UA-8412995-1 The Southport Globe: A letter from Susan Ei, Pequot Library’s current Children’s Librarian

Wednesday, April 17, 2013

A letter from Susan Ei, Pequot Library’s current Children’s Librarian

April 16, 2013
Dear Editor,

As current Children’s Librarian of Pequot Library for the past eight years, I must respond to recent public comments -- some from a former employee who left a decade ago. The Library referenced is not the Pequot of today. Our patron base has broadened; our Collections and programs reach far. The precious pearl of a private oyster? No. Partnering is imperative to our mission and necessary for survival.

Lots of opinions have been thrown around, but let me tell you a story: a story of passion -- the passion of the Pequot community working together to make things happen—and it springs from the gift of a great lady. Her name was Virginia Marquand, orphaned at eight and adopted by her uncle. Legend has it that while abroad and in the middle of the night, following the death of her only child, Virginia was awakened with a vision. She would return to Connecticut and use her inheritance to establish a library. The townspeople wondered why Mrs. Marquand Monroe was building a stone barn behind her stately home! In 1894, the library was opened in the custodial care of the Pequot Library Association (comprised of those giving even small donations, over which a governing board would preside). Then Virginia removed her home, providing the extensive grounds we use today. Programs drawing huge crowds, like the dog sled demonstration has furthered Virginia’s desire that the Library’s resources be “free as air to all.”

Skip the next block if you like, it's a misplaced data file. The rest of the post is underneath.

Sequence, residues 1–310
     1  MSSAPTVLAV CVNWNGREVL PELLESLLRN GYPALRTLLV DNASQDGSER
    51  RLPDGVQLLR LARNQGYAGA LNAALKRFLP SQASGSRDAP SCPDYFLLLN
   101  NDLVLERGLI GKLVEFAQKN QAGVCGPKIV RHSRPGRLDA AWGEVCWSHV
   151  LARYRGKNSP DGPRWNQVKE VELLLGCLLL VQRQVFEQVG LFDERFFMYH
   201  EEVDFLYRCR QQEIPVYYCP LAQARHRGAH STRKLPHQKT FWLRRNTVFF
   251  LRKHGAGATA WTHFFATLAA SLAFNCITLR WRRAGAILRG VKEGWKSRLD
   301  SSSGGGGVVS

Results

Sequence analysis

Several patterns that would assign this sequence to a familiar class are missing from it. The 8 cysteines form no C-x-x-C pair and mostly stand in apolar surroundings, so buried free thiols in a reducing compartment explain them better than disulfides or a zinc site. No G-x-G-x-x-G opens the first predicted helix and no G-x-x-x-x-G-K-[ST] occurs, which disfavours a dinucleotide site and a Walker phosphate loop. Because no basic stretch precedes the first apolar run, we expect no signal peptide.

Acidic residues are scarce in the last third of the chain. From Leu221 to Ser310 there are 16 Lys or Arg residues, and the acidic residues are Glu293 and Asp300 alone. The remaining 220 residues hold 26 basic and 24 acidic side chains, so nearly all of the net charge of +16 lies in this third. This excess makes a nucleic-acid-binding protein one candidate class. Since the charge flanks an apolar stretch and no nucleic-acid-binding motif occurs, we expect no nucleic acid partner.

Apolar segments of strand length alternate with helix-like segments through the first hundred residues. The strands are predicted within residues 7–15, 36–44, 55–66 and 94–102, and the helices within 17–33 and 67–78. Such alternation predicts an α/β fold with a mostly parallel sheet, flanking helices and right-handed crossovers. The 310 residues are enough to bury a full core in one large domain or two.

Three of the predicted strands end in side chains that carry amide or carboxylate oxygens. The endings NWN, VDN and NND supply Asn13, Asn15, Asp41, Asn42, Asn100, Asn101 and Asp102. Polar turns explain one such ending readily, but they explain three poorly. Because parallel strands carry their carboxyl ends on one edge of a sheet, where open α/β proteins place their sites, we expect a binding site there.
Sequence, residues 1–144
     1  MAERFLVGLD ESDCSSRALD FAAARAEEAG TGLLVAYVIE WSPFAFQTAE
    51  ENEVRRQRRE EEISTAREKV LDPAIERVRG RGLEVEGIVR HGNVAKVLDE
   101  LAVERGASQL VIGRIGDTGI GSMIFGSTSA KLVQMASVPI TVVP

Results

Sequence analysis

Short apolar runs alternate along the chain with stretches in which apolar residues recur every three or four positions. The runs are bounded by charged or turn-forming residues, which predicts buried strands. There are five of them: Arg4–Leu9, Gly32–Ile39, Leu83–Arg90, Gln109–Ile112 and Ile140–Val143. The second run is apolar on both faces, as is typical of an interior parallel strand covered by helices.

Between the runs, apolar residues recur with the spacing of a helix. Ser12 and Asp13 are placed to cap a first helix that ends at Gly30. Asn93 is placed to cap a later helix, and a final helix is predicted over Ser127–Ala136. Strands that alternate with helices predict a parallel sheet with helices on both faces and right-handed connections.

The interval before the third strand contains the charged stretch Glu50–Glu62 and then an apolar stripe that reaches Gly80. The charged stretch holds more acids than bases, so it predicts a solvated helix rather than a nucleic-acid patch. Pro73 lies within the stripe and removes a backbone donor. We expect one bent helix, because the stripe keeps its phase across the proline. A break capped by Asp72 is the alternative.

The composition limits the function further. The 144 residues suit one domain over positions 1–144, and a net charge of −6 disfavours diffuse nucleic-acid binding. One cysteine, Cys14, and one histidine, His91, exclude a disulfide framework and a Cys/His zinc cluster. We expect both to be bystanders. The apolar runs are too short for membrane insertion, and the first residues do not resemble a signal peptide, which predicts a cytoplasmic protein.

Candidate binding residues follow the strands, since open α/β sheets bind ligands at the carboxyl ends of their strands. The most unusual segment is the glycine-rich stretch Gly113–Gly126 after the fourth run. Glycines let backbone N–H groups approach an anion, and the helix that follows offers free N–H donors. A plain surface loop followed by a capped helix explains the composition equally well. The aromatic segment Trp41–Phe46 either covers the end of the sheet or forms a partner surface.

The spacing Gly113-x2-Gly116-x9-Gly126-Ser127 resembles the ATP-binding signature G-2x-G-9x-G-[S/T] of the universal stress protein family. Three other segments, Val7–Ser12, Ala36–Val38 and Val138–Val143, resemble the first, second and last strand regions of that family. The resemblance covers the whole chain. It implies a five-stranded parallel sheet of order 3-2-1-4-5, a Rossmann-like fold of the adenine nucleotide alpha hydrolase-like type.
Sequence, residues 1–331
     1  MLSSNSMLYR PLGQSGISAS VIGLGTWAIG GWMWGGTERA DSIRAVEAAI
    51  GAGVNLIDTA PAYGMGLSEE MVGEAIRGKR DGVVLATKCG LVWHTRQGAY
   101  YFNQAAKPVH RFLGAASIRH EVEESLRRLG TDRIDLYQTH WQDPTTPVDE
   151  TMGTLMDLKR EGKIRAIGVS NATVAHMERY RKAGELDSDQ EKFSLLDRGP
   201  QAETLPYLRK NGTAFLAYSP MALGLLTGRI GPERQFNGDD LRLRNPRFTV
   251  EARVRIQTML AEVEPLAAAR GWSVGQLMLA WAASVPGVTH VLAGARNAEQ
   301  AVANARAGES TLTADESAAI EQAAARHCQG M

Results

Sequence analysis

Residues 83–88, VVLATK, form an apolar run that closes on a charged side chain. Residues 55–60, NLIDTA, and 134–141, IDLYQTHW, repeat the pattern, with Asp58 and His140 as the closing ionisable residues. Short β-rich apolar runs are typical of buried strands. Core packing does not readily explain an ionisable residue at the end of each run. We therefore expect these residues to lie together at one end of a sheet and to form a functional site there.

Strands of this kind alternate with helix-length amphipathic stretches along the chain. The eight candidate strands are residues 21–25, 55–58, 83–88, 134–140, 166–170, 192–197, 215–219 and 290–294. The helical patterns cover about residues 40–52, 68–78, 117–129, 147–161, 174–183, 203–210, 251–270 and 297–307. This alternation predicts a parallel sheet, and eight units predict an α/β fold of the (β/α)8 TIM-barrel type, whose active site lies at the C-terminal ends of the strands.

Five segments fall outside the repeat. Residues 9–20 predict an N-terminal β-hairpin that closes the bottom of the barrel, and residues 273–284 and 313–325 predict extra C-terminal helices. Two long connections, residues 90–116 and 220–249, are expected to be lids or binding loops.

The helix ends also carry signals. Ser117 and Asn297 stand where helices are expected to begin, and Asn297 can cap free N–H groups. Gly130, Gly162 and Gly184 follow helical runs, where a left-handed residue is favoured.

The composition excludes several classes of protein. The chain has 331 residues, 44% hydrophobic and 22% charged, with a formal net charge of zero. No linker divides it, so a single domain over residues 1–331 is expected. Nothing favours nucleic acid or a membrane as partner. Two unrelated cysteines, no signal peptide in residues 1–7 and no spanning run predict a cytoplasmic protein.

Pequot was then endowed with purchasing power to assemble an astoundingly important collection of Americana—from Columbus’s letter upon his return to the first Bible in a Native American language--much of which was “prohibited from being sold.” This is a collection of which we can all be proud.

Today, Pequot is about the passion of those who encounter it: children who walk Belle (world’s only circulating bunny) and learn about kindness; patrons (many elderly who come here because it’s easy to navigate, parking-wise, and given the attentiveness of staff); countless volunteers orchestrating Book Sales and Art Shows; the savvy vision of our new director; and board members with other things they could be doing after work.

The staff is not well-paid. We don’t benefit from working for the town. We’re here because we’ve fallen in love: with the library’s history, with treasure, with mission, with patrons, with architecture, with the collective sense of making this thing work—Virginia’s thing. There’s a perception that we’re just for Southport, but exhibits such as the “Gone with the Wind” manuscript garnered international acclaim and recently Robert Frost’s cards drew NYTimes attention, bringing many into town. Thanks to a media effort and director who deserves a chance to shine, patrons all over are starting to know what’s available at Pequot.